But Churchill was ready. “He had readied himself for this moment during every hour of every day for six decades,’’ the authors write.
The portrait of Churchill that emerges from these pages is strategic, tactical — and political. That latter is often forgotten, or diminished, for much of Churchill’s life is the story of political disaster. Not in 1940 and during the war years, when he combined intellectual, cultural, and military mastery with political mastery.
It was at Dunkirk and in his fight-on-the-beaches speech that Churchill sealed his leadership bona fides. He convinced a nation with its back to the wall, facing deadly invasion, without allies, without prospects, that it had reached its finest hour, as if saying so would make it so, which it did. That nation, aflame and in agony, nonetheless girded itself to fend off the Germans with garden tools and prepared to pour sugar into the gas tanks of passing Panzer divisions. The queen mastered firing a revolver. Good that it never was necessary.
Throughout this volume the writing is strong, heroic even, with an irresistible forward momentum. We know the ending of this story — victory, then rejection at the polls in 1945, then new storm warnings, this time of the Soviet threat in Europe — yet we are pulled in, as if by a tidal undertow. And sometimes, having been drawn in, we are then astonished by the occasional gentle literary buss, none more affecting than the description of the glow that grew out of London on the first night of Nazi bombing: “[T]his was not the tangerine handiwork of the setting sun; the East End was burning.’’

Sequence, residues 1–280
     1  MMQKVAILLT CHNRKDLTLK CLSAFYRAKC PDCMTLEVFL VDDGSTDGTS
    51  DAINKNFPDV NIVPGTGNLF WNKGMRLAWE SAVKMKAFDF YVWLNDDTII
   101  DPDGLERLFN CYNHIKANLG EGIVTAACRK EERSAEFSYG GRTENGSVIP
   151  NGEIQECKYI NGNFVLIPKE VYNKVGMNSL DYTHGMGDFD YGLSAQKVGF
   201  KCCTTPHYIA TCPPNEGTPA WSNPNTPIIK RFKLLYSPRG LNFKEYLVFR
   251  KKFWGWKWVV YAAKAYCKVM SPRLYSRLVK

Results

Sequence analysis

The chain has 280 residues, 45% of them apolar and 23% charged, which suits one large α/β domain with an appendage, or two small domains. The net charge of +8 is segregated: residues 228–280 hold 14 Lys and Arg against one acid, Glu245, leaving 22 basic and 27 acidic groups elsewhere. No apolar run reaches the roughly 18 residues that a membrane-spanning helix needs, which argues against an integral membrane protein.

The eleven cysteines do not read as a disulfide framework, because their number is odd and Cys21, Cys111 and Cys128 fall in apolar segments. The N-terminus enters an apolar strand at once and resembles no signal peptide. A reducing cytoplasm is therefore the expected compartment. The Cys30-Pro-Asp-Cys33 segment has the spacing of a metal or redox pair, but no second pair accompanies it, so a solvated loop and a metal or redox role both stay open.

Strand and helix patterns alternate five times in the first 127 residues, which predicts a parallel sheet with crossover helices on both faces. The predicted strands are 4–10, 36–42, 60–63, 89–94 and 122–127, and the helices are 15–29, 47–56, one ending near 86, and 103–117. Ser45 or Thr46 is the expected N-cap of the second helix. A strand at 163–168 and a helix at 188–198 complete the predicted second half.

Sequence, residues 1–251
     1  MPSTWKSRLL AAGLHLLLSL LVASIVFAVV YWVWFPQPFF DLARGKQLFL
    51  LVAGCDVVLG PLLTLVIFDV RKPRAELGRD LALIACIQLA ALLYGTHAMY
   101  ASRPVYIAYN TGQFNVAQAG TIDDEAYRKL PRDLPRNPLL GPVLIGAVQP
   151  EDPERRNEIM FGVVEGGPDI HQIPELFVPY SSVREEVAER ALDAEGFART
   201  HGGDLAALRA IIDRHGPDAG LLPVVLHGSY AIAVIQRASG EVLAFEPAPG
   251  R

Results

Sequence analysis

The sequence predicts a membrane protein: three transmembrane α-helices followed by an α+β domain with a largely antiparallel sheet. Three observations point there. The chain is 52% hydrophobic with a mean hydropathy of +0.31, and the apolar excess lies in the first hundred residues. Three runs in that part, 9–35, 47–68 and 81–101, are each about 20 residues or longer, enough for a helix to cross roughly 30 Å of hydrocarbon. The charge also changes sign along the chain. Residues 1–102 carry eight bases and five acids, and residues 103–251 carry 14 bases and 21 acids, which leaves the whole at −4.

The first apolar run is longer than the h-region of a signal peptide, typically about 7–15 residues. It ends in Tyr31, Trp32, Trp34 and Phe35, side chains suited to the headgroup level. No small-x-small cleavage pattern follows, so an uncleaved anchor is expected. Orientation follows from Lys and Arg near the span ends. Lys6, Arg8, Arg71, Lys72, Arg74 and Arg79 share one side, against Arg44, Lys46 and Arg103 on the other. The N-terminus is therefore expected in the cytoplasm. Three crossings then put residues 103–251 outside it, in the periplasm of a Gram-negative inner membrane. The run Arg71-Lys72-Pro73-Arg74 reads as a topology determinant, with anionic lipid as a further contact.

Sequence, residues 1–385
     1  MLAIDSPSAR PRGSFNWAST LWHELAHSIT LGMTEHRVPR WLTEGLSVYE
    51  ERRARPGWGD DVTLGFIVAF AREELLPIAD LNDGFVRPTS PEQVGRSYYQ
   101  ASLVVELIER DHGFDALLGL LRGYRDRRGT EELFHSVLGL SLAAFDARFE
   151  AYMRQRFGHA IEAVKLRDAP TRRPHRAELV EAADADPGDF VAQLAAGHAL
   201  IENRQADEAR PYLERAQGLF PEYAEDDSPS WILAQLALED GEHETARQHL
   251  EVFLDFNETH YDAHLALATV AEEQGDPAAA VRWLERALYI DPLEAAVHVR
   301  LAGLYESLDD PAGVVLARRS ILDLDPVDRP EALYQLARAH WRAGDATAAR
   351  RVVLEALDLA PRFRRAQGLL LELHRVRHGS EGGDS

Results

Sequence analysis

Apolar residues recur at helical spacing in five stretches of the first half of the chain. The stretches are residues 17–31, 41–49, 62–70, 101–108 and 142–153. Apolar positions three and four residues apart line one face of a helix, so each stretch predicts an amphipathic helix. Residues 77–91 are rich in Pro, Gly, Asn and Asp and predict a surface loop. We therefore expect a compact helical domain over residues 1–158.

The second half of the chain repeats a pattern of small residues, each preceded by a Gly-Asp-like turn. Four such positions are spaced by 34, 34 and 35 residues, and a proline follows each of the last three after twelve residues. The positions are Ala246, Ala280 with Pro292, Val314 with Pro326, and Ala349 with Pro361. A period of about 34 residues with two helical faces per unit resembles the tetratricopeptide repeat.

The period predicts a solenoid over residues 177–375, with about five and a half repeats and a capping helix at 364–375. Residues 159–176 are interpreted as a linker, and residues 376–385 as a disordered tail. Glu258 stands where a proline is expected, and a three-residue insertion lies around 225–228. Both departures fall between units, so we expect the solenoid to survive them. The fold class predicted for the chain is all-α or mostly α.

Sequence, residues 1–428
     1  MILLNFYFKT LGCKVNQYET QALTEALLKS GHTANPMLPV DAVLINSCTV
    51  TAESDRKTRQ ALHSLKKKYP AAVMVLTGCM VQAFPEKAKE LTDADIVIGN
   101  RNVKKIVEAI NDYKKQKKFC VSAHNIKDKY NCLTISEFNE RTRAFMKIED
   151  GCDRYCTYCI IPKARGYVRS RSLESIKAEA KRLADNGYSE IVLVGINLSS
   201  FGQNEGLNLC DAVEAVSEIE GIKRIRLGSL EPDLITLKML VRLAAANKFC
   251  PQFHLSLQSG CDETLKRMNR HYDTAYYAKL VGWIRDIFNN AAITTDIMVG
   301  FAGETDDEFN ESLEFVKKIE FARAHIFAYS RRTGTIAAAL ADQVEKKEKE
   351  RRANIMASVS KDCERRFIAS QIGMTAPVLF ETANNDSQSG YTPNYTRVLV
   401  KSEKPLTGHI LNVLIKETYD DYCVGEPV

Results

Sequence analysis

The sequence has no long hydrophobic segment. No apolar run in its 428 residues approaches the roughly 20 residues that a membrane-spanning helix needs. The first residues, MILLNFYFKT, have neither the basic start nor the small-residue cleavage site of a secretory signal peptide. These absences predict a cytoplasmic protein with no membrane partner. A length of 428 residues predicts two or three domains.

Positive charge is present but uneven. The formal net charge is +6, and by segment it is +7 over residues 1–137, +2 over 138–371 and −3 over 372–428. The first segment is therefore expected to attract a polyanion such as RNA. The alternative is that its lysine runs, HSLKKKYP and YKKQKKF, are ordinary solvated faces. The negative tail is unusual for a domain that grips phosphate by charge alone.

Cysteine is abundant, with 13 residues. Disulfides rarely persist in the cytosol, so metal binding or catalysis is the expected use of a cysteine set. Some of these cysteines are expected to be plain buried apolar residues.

Churchill fought this war with heart and mind, to be sure, but mostly with his mouth. Jan Smuts said that “each broadcast is a battle,’’ and on that battlefield the war was won, or at least kept in abeyance until the Russian and American troops arrived after 1941 to make victory a certainty, though not a swift one.
Churchill and Franklin Roosevelt grew old and feeble together, though Churchill would outlive the 32d president by two decades. Churchill’s war was tougher — the years 1940-45 consisted of constant struggle, constant engagement, constant tension, constant physical danger. He fought World War II as a combatant as much as leader, with no part of the effort, military or civilian, beyond his purview. It was the adventure of his life, and of the century.
David M. Shribman, executive editor of the Pittsburgh Post-Gazette, can be reached at firstname.lastname@example.org.